Police must pay $2.6M

Started by woof, Apr 04, 2006, 06:28 PM

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It's good to see some success with fathers fighting the system. I only wish that we could sue the corrupt judges that keep the unjustice in place.


Police must pay $2.6M
Jury: Girl wrongly taken from day care
Record Staff Writer
Published Tuesday, Apr 4, 2006

A federal jury returned a $2.6million verdict Friday against Stockton and two members of the Police Department, siding with a father and daughter who claimed police wrongfully took the girl from day care.

Crystal Keller was 4 years old and the subject of a custody dispute when police collected her from the home of her Orangevale day-care provider in 2002. Her mother lived in Stockton.

Police did not have a warrant or proof Crystal was in danger, Crystal and her father, Dennis Keller, claimed in a trial in U.S. District Court in Sacramento. The girl's seizure violated the family's civil rights, the Kellers claimed.

Stockton City Attorney

Ren Nosky said police believed that Crystal was in danger and that waiting for a warrant could endanger her even more. He said he would ask the City Council today for permission to appeal the verdict.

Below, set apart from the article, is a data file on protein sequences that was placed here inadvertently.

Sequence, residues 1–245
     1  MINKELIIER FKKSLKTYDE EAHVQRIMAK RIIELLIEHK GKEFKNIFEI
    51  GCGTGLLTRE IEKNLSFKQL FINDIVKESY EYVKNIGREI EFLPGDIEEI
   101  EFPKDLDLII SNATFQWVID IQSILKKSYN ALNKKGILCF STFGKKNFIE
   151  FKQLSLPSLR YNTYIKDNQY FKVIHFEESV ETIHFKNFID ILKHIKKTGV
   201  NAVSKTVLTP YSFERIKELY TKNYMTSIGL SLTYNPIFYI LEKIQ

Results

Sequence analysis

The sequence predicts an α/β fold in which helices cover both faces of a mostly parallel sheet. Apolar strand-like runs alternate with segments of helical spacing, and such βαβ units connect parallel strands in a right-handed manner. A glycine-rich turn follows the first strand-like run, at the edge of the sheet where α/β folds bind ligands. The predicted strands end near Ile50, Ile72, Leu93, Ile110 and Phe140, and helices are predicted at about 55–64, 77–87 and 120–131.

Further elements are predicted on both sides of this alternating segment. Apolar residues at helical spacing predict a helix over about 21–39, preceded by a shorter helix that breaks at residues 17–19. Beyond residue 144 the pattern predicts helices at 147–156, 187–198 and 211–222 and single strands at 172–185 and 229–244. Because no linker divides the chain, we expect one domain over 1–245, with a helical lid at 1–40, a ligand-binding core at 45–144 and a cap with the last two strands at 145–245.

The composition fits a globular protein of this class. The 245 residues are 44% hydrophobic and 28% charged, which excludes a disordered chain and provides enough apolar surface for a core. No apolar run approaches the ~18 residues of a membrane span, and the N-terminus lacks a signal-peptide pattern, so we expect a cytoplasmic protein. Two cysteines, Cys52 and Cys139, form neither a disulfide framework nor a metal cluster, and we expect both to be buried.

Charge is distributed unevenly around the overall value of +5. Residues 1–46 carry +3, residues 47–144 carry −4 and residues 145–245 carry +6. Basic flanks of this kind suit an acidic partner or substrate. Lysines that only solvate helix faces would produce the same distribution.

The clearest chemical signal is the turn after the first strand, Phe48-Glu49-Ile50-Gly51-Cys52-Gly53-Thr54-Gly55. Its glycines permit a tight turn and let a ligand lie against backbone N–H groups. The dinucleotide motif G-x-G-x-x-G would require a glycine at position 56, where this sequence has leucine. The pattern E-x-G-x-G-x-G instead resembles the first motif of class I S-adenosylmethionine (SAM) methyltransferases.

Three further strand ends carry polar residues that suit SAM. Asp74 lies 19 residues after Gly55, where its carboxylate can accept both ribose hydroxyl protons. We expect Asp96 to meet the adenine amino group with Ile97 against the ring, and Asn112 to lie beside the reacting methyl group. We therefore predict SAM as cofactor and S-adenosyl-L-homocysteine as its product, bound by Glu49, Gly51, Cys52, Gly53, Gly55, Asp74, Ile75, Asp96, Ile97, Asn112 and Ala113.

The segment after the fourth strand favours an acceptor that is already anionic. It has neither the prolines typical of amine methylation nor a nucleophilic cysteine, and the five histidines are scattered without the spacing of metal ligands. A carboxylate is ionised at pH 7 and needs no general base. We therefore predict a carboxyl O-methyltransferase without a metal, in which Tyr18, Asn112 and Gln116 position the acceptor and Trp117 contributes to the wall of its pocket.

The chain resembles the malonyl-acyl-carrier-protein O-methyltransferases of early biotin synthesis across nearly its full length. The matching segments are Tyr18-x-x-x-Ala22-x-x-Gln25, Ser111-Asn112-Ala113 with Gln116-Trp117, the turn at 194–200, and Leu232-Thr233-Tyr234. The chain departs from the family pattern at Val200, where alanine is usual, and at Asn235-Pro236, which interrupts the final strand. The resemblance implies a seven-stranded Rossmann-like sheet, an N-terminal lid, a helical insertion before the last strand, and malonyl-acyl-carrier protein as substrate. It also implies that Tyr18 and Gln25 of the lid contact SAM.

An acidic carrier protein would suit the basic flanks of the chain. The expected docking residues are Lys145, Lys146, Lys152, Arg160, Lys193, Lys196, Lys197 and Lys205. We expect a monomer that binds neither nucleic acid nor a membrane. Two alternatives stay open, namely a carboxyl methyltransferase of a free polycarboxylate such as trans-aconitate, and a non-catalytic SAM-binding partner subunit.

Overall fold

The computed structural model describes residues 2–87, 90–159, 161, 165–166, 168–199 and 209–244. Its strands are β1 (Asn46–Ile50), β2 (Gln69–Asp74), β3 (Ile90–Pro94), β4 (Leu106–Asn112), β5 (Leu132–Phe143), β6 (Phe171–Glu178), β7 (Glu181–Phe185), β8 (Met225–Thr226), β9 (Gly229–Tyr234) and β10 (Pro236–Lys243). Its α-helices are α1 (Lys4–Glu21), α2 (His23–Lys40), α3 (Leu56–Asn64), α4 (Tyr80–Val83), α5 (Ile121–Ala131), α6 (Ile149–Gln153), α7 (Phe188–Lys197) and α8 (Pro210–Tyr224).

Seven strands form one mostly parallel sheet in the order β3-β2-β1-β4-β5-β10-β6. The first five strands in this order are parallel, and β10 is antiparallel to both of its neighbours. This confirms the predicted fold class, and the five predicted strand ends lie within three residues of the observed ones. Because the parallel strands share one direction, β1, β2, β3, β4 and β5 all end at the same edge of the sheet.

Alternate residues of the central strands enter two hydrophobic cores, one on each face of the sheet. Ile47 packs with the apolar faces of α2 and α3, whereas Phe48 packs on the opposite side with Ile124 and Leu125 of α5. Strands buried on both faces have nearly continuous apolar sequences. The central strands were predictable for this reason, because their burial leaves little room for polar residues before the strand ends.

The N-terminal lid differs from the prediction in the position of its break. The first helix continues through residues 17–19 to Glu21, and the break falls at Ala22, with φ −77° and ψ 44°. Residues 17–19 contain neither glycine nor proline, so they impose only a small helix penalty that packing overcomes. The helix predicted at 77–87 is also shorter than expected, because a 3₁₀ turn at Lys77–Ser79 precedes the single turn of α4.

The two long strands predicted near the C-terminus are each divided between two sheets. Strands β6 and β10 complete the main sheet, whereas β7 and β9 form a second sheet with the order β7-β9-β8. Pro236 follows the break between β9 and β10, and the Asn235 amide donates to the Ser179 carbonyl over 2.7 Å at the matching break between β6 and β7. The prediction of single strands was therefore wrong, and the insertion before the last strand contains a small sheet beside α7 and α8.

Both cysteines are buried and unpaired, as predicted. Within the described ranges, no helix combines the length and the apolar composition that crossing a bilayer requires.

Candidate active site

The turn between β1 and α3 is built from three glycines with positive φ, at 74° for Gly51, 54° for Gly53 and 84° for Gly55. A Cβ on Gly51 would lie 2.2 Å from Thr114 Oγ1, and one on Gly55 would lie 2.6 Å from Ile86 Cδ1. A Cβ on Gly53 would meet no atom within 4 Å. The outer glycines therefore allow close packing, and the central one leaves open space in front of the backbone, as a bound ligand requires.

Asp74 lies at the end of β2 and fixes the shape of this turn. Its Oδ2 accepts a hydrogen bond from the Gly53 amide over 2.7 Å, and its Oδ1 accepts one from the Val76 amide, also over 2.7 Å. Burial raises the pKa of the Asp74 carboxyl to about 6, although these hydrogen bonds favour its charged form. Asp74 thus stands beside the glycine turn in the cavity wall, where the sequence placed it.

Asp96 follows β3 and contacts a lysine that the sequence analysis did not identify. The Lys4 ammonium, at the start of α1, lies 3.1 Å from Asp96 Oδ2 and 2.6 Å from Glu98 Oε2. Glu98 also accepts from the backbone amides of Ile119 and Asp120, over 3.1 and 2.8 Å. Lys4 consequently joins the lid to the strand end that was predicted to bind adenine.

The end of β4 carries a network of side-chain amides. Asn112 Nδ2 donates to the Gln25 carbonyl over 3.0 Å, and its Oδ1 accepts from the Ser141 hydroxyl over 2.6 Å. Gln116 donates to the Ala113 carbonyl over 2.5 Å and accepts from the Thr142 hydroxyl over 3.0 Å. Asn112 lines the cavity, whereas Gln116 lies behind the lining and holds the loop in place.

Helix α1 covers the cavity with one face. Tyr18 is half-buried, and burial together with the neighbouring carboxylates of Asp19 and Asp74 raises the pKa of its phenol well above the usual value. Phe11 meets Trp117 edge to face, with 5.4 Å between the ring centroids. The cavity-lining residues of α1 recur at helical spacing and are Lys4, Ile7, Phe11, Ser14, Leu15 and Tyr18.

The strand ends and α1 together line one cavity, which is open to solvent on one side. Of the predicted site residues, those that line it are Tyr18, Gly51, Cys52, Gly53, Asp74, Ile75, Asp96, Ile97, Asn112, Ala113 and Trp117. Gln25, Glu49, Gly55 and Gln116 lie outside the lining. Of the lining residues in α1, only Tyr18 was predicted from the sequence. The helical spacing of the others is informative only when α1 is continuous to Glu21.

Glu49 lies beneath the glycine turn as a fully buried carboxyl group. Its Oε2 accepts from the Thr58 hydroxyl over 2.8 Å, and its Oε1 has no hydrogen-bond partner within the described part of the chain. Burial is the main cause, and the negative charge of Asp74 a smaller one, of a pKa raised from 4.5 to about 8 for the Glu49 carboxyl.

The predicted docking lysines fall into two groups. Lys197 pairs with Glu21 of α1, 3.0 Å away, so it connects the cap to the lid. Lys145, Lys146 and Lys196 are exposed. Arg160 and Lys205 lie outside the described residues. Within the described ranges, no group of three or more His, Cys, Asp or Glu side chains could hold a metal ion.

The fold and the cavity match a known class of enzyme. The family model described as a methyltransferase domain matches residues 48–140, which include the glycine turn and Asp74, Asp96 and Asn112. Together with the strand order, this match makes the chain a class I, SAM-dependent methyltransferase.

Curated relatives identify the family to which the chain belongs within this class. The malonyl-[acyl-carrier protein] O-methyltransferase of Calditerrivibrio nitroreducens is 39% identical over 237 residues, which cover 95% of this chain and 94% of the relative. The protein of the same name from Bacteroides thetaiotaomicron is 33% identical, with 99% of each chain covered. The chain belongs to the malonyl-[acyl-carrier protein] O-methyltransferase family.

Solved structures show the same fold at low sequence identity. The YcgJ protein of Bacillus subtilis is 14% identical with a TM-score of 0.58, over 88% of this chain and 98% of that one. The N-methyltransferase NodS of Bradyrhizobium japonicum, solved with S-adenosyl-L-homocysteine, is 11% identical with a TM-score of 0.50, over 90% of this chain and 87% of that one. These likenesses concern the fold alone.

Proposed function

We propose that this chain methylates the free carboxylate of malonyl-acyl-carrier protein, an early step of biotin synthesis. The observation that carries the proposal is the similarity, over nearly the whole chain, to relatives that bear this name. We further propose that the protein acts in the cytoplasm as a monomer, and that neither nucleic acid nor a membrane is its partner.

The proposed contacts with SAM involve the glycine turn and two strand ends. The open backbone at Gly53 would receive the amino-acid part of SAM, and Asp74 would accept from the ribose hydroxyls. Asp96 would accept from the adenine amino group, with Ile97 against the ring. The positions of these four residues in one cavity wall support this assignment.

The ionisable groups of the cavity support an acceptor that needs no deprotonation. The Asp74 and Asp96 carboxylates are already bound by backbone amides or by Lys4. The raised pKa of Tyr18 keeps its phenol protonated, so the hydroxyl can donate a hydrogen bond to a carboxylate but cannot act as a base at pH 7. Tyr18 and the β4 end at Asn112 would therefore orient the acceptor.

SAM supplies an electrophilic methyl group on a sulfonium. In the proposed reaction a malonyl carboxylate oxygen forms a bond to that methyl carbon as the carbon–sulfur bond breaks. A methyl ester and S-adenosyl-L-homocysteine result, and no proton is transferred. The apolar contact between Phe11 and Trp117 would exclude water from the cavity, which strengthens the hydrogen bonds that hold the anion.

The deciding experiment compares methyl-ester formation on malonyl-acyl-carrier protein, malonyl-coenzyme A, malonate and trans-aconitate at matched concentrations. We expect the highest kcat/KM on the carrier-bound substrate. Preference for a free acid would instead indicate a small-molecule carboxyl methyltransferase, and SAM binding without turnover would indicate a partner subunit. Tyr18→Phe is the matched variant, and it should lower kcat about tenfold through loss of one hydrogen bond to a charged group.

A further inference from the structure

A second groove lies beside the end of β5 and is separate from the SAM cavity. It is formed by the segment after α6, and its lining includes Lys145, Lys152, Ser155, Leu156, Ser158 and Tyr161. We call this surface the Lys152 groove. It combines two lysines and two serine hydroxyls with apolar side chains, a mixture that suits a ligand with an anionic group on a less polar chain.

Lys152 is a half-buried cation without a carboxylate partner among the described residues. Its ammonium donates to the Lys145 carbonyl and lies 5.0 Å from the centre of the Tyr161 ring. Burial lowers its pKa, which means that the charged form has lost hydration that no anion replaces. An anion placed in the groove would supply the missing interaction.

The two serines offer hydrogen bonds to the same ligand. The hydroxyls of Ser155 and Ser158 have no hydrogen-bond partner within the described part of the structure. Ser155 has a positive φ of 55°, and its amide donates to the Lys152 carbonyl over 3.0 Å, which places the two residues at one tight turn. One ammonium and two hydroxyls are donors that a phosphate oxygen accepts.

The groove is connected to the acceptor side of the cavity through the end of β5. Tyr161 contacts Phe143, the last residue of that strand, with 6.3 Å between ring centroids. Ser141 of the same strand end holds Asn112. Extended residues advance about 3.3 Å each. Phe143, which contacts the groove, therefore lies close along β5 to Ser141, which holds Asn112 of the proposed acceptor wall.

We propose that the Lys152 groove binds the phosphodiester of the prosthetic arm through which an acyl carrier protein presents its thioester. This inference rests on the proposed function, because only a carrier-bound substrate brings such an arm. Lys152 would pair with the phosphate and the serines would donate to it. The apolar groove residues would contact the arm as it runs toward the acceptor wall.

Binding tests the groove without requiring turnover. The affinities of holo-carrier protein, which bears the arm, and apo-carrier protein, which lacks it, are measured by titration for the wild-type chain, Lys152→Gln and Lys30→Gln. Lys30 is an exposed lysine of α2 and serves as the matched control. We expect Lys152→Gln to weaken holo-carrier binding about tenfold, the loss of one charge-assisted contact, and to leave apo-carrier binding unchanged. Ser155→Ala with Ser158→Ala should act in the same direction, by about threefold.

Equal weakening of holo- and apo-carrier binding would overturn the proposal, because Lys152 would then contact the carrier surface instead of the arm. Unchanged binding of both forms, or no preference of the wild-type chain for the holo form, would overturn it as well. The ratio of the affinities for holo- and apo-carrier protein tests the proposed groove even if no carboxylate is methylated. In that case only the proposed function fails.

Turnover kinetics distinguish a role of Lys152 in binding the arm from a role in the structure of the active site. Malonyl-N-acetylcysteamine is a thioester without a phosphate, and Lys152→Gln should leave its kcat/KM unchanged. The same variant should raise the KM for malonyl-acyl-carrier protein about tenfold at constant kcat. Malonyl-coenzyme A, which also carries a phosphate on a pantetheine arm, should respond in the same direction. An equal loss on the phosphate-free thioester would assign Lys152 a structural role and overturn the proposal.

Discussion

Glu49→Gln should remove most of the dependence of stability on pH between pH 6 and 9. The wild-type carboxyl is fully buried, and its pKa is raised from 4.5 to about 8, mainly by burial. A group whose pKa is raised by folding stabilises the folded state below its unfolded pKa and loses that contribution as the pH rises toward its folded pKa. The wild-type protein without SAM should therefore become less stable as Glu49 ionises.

"This case is far from over," he said. "We're standing behind the officers."

Keller said Crystal cried for him the day police came for her.

"It was hard, because I didn'tknow what was going on," Crystal said Monday. "I was frightened. I was terrified."

Crystal spent two years in foster care before Keller won full custody in 2004, said the family's Oakland attorney, David Beauvais.

"It's like a bad chapter you can finally write off," said Keller, a 49-year-old mechanic who now lives with his daughter in Fair Oaks.

Police Sgt. Ken Praegitzer and Detective Kathryn Henderson, the two officials named in the lawsuit, could not be reached for comment. The chief's office referred calls seeking comment to the city attorney.

The jury awarded Crystal $500,000 in compensatory damages and $1million in punitive damages; it awarded her father $100,000 in compensatory damages and $1million in punitive damages.

Beauvais called the verdict a rebuke of a department that, without warrant, seized a child who was not in danger.

Nosky said police acted in the child's best interest and called the verdict inappropriate.

Contact reporter David Siders at (209) 943-8580 or [email protected]

Even a whole village can't replace dad, children need both parents.

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